v    After Reading :

·        Have the child evaluate the text. Did he/she like it? Why or Why not? Then you evaluate the text.

·        Together paraphrase or summarize what was read. Can you do it in 10 sentences or less?

Reading to your child everyday will help to ensure that your child is building vocabulary and world knowledge concepts while strengthening your child’s ability to think about what is being read. So ask yourself, “Have I read to my child today?”

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President’s Note

Dear AABIDA Members,  

I would like to thank each of you for your dedication and support of the dyslexic population.  Your membership to the International Dyslexia Association is vital for continuing research, legislation, and support of dyslexia.    

If you would like to volunteer to assist us in any conference, program, or activity, please call our helpline at (512) 452-7658, and a volunteer will return your call.

Sincerely,

Sharon McMichael

2004 AABIDA President

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THANK YOU

Thank you to those of you that attended the various 22 events that were hosted by the Austin Area Branch of the International Dyslexia Association during October 2004.  These events were in accordance with IDA’s proclamation and Governor Perry’s proclamation of October 2004 as “Dyslexia Awareness Month”.

And, thank you to Recording for the Blind & Dyslexic-Texas Unit for co-hosting two Open Houses with AABIDA at the RFBD-Texas Unit.

Also, thank you to those volunteers and speakers that dedicated their time and efforts in providing these free events to the public.

Finally, thank you to Governor Rick Perry and his staff for their help and cooperation in educating the Texas public about dyslexia.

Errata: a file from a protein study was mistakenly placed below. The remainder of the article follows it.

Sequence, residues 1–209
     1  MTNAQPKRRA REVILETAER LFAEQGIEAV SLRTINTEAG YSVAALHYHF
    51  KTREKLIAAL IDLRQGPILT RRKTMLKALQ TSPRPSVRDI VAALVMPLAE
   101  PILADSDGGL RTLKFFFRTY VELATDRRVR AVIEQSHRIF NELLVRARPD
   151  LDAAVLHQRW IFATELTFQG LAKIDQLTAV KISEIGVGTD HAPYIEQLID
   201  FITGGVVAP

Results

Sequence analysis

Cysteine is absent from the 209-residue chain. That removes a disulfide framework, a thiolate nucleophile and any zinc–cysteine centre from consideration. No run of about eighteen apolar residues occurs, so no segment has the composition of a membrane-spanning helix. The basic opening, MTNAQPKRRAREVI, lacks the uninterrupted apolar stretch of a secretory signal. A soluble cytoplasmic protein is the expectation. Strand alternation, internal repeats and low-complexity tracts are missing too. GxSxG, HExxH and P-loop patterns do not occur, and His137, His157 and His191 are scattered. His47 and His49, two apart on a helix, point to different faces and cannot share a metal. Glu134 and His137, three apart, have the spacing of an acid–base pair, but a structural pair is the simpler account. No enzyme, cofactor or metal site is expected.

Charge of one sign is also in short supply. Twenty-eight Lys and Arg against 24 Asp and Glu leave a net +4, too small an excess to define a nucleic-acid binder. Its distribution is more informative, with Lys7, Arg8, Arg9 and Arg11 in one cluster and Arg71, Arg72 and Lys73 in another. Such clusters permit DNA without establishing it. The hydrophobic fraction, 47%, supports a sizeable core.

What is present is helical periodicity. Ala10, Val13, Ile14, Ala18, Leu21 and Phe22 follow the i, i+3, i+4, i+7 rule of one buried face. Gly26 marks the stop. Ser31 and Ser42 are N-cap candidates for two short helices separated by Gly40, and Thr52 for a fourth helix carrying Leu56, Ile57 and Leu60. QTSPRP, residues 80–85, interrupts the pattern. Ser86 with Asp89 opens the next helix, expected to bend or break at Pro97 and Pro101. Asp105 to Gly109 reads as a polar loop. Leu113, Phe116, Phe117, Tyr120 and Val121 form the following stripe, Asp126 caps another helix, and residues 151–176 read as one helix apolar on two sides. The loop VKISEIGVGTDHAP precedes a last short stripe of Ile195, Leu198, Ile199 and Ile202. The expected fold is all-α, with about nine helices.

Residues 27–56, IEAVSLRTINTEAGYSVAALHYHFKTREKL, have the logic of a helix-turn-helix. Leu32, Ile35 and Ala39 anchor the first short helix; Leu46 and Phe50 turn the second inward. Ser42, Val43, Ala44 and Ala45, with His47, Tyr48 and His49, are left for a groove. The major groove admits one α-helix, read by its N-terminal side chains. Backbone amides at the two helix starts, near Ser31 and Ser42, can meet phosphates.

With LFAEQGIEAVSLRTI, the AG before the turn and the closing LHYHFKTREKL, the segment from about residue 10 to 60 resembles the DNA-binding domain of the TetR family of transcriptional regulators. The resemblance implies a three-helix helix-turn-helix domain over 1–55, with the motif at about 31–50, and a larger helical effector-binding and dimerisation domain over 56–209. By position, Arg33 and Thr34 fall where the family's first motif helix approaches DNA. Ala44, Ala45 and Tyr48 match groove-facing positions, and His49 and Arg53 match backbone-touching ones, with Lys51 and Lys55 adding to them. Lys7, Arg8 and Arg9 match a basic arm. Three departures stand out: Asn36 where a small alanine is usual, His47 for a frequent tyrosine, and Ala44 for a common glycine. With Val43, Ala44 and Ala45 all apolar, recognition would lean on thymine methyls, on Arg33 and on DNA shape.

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AABIDA’s ANNUAL DINNER and MEETING
Saturday, January 29, 2022 at 5:30 P.M.

at the Old Pecan Street Cafe
310 E. 6th Street

(between Trinity and San Jacinto)

$25.00 per person (this includes a choice of one of the four entrees, tea, dessert, and gratuity.)  

Click here for printable registration form

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NEW IDA INDIVIDUAL RATES

IDA has new individual membership rates that are effective on Jan. 1, 2005 .   Individual membership will increase to $70.00 per year.  For further information, please visit IDA’s web-site at:     www.interdys.org

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Please share your e-mail address!

As we increase our efficiency, we have moved to e-mail communication.  Our branch  e-mail address is for distribution of information to our membership.  So, please share your e-mail with IDA at:          [email protected]

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WELCOME New Members of AABIDA

Diane Abernathy, Linda Brown, Zandra Clay, Bonnie Ensor, Angela Gutierrez, Gayle Kahaneh, Paula McDevitt, Doug  McDonough, Lynn Pohlmeier, Kim Raibourn, Raymond Roberson, Jeanne Schaefer, Kendra Shaffer, Susan Werner, Nora Wilson, and Velda Wyche.

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If you’d like to be more involved with the Austin Area Branch of the International Dyslexia Association, please leave us a voice message on our helpline at (512) 452-7658.

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The International Dyslexia Association neither recommends nor endorses any specific speaker, school, institution, instructional program or material.

Austin Area Branch of the International Dyslexia Association
Local Austin Area Helpline (512) 452-7658 ---

Call our volunteers for:

  1. Membership application blanks and basic information packet
  2. Teacher training information
  3. Referral lists for: